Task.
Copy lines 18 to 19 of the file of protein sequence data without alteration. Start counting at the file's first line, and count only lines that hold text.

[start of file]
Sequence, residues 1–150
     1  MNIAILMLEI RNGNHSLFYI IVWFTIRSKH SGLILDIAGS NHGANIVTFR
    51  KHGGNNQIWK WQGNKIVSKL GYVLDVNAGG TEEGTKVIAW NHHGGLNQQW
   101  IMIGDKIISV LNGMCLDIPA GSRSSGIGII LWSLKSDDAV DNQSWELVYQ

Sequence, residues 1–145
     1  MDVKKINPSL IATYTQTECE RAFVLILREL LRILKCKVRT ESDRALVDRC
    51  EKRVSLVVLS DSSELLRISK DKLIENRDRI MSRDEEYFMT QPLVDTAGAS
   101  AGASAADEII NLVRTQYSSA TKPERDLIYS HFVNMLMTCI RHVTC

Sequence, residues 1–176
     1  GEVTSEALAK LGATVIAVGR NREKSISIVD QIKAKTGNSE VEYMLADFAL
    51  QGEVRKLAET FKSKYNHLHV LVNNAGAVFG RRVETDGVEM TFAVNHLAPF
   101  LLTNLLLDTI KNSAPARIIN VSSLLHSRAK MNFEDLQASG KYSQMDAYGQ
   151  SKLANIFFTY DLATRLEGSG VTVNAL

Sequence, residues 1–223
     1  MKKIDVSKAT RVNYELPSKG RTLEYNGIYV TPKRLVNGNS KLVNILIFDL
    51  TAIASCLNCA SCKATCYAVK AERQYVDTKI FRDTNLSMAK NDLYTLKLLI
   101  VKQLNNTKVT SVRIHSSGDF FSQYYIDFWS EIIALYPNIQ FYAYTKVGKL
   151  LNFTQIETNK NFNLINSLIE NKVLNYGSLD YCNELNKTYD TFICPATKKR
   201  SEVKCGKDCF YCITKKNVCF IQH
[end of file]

   151  LNFTQIETNK NFNLINSLIE NKVLNYGSLD YCNELNKTYD TFICPATKKR
   201  SEVKCGKDCF YCITKKNVCF IQH